Voters split on generic congressional ballot ahead of midterms: poll
Just months ahead of the November midterm elections, voters are still split on which political party they would vote for on a generic congressional ballot, according to a new poll released on Tuesday.
A new Politico-Morning Consult poll found that if the election for Congress was held in voters’ districts that day, 43 percent of voters would most likely vote for the Democratic candidate, while 42 percent would likely vote for the Republican one.
A separate 16 percent polled said they either had no opinion or did not know, an indicator of the work both parties will have to do in the coming months to sway voters.
Broken down by gender, 39 percent of men polled would vote for the Democratic candidate compared to 45 percent who would choose the Republican candidate. Among women, 46 percent would choose the Democratic candidate compared to 38 percent who would choose the Republican one.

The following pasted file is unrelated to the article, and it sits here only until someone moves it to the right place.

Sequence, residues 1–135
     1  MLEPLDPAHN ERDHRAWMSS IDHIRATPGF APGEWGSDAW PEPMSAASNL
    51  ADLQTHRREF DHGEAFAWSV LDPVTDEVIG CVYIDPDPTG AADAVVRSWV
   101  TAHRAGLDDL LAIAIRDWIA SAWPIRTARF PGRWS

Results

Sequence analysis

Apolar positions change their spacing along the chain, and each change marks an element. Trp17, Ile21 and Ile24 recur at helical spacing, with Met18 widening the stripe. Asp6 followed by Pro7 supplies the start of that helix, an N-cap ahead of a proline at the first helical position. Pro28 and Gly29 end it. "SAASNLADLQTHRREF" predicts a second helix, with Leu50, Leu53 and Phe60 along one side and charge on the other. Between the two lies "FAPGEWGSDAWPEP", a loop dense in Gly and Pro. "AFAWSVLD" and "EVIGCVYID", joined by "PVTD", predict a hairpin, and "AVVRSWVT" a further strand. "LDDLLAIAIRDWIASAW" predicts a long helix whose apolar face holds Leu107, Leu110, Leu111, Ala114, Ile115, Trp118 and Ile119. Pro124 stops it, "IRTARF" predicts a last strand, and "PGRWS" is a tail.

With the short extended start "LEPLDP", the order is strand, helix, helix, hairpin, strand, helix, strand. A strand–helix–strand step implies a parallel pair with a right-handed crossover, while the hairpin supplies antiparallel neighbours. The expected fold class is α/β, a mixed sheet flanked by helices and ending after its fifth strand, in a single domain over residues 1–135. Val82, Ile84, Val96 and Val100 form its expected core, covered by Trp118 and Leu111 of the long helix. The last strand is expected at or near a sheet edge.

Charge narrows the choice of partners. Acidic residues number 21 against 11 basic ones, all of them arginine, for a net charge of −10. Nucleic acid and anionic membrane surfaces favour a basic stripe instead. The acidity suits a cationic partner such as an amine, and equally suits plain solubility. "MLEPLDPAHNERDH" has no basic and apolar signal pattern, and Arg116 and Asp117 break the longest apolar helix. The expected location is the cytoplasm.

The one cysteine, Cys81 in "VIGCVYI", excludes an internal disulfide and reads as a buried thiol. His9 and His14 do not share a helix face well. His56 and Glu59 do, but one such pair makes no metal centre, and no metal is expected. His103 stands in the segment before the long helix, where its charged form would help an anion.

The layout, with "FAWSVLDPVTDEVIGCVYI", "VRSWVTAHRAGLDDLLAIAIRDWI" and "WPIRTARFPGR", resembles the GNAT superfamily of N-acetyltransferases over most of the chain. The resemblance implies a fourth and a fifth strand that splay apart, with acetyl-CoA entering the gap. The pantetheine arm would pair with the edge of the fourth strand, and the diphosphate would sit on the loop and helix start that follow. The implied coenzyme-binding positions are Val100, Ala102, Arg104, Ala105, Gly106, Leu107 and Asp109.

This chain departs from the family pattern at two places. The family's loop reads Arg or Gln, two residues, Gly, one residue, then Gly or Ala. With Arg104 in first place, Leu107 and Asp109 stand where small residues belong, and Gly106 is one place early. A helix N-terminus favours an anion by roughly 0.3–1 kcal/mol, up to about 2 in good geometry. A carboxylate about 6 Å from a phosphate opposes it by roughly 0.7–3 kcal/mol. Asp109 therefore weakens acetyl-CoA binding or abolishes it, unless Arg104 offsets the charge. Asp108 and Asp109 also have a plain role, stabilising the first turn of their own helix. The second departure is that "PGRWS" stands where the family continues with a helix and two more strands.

However, there are even clearer differences when broken down by race.
Half of white voters polled said they would choose the Republican candidate compared to 38 percent who would choose the Democratic candidate.
Comparatively, 61 percent of Black voters and 42 percent of Hispanic voters said they would choose the Democratic candidate, in contrast to 12 percent of Black voters and 32 percent of Hispanic voters who would choose the Republican candidate.
The midterms are expected to be challenging for congressional Democrats given their delicate 50-50 Senate majority with Vice President Harris’s tie-breaking vote and its slim majority in the House.
The Cook Political Report’s latest Senate race ratings rate three Democratic-held seats and two Republican-held seats as toss-ups. In the House, 16 Democratic-held seats and eight Republican-held seats are also considered toss-ups.
The Politico-Morning Consult poll was conducted from April 15 to April 17 with 2,005 registered voters surveyed. The margin of error is plus or minus 2 percentage points.
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